…and other laments of a midlife horsewoman
If you have a chance to hang around with other midlife horsewomen, you may hear them moaning about this somewhat frequently, (which is comforting in a “Misery Loves Company” kind of way); but, if you don’t spend a lot of time with other prime-time riders, various aches and pains can be disconcerting… and embarrassing.
Let me jump in right here and say that none of this is intended to be medical advice or to suggest treatment or diagnosis for any discomfort you may be experiencing. Always check with your health care professional before starting new forms of exercise.
OK, now that we have that out of the way, let’s look at some of the issues we face as returning horsewomen.
Well, this never hurt before…
I don’t know about you, but I don’t remember ever being sore after a ride when I was a kid. Well, there was that one time I got kicked in the crotch the night before a show… that definitely made for a pretty uncomfortable day in the saddle… but I digress.
When we’re young, we’re more likely to be flexible, to have a greater degree of cardiovascular stamina, to have better balance, and to lead a generally more active life. Obviously, this is one of those sweeping generalities that everyone advises against, but you get my point.
So the realization that riding can hurt can be sobering; however, pain isn’t the only physical issue we experience when we return to riding as midlifers. (Oh yay, there’s more?!?) Loss of flexibility, especially in our backs, hips, and knees can seriously impact our comfort level when we start riding again. And if pain and stiffness weren’t enough to send you in search of the nearest bottle of wine, let’s not forget about balance.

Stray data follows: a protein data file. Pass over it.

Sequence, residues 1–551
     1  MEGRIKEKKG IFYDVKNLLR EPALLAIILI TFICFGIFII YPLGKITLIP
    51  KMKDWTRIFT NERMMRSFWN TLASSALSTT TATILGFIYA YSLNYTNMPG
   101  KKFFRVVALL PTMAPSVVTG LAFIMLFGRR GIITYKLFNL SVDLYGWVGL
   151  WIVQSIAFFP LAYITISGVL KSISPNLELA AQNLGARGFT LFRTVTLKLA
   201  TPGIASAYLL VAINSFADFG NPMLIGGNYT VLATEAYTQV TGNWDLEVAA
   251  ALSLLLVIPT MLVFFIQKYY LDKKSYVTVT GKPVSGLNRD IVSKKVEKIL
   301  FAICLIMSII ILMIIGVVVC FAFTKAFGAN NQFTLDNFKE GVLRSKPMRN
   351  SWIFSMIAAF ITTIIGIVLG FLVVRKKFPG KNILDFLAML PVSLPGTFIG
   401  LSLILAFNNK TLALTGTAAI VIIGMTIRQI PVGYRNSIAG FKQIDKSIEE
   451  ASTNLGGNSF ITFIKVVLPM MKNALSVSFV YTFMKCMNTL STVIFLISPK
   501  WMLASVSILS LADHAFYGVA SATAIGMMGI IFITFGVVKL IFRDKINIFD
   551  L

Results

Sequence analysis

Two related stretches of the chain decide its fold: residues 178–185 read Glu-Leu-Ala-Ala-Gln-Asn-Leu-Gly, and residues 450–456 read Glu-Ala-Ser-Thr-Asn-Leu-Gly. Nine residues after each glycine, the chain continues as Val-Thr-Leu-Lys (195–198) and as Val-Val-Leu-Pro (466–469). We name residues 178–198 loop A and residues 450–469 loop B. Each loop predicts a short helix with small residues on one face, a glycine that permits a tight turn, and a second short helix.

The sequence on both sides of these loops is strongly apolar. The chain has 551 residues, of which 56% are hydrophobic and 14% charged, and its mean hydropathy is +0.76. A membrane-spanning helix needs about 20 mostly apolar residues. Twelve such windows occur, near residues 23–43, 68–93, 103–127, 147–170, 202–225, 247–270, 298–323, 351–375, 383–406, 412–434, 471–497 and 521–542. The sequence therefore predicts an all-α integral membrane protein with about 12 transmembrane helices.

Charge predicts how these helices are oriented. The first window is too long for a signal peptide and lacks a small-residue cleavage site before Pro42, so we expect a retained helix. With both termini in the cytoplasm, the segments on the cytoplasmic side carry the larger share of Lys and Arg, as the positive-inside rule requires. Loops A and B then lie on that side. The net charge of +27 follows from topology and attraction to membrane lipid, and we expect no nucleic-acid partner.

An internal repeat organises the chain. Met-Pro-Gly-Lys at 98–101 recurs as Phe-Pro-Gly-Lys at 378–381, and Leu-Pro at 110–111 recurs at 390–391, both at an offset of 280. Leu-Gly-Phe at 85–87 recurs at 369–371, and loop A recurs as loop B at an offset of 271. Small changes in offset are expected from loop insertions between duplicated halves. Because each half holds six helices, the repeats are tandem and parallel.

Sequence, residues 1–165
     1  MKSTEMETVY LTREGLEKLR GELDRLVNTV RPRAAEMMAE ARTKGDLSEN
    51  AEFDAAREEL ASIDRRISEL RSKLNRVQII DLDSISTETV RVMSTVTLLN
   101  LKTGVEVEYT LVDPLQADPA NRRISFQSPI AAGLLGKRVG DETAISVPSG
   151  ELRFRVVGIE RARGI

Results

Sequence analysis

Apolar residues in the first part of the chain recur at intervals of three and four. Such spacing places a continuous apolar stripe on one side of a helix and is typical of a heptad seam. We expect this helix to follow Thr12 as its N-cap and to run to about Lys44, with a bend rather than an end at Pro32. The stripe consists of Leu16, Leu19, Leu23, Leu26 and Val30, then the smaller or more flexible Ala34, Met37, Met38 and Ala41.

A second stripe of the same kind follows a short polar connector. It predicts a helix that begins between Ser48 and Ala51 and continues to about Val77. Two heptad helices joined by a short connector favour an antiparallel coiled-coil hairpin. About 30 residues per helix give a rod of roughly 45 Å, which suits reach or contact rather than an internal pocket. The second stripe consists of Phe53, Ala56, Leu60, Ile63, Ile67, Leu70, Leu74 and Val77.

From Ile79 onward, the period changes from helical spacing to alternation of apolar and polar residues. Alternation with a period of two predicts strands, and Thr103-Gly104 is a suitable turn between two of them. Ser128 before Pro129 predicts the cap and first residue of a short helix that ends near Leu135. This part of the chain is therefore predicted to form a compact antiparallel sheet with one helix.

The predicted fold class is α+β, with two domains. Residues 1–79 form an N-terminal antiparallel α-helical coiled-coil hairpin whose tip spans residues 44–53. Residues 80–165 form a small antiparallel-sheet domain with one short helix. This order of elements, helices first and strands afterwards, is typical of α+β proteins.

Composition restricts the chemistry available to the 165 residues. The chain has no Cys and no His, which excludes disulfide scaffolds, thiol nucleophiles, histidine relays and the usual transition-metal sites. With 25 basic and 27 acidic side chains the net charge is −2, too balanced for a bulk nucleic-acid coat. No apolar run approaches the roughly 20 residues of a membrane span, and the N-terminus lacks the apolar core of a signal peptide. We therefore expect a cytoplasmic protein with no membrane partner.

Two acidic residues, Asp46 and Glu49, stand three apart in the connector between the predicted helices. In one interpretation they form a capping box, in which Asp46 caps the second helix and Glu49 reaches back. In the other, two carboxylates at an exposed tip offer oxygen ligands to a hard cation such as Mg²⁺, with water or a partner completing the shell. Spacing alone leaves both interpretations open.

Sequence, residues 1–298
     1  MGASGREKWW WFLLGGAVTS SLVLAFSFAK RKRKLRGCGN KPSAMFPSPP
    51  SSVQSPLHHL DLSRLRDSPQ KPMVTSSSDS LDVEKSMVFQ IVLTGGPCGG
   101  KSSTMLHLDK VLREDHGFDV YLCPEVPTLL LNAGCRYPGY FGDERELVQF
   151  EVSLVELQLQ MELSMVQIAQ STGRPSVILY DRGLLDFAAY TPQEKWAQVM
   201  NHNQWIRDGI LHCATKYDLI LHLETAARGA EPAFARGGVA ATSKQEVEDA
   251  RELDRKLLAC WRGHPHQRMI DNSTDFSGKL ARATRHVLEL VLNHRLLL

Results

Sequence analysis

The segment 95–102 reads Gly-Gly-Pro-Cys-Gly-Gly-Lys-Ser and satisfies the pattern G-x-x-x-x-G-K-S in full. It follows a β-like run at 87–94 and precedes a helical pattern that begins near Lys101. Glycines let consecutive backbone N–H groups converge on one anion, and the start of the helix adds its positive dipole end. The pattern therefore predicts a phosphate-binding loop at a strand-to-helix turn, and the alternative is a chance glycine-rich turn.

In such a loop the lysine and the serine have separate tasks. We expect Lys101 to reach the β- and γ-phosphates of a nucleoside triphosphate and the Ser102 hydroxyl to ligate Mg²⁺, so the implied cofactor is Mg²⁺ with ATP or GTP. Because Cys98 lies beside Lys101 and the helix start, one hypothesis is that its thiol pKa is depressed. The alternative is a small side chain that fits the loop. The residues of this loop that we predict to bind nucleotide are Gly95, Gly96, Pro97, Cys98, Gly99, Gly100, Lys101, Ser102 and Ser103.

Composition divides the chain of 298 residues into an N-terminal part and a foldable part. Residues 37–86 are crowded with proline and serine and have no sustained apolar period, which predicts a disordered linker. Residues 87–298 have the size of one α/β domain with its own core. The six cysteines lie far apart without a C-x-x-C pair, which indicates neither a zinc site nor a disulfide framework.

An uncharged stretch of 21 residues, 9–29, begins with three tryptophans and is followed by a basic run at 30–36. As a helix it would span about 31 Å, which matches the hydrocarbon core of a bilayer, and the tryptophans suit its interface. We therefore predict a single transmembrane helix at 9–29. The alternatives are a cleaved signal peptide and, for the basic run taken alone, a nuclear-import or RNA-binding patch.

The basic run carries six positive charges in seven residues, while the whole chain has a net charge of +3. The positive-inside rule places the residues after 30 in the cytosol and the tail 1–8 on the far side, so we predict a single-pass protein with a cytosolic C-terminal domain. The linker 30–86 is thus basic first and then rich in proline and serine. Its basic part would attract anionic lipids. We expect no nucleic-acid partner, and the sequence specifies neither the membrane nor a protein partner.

According to Healthinaging.org, nearly 8 million adults of all ages in the United States report balance disorders each year. About one-third of the older population reports difficulty with balance or walking; the numbers increase significantly after age 75. All in all, almost 40% of older adults are affected.
In case you haven’t noticed, good balance is key – for you and your horse to enjoy comfortable rides. A balanced rider is easier for a horse to carry in a balanced way. The rider’s balance can even have more of an impact than her weight on a horse’s ability to safely and comfortably lug a human around its back. This is not to say that you get a free pass if you’re seriously obese but can stand on one leg for a count of 10 without toppling over, but that’s a discussion for you to have with your doctor (and your vet.)
Funny, I don’t remember feeling (fill in the blank)…
After a break of several years, (or decades), getting back into the saddle can bring great joy, immediately followed by the shocking realization that this feels nothing like it did when you were younger. What happened to that old adage about riding a bicycle – you never forget? Isn’t that supposed to apply to riding horses, too? Evidently, one of the times you fell on your head when you were 10 caused just enough of a concussion to erase all memories of the downsides of riding; and you’re now discovering:
- The distance between the ground and the saddle has doubled since you were last on a horse
- Sitting trot is an exercise developed by the devil himself
- Any attempt to perform the above-mentioned sitting trot makes you feel you’re about to get a black eye and/or a concussion from your breasts bouncing around and smacking you in the face
- The speed of canter has increased exponentially since you last rode
It stinks to have to face the fact that we didn’t retain all the skills (and fitness) we had when we were kids; but, there is a way forward!
And I’ll share that with you next Monday. Until then, love your horse, love your life, and love yourself.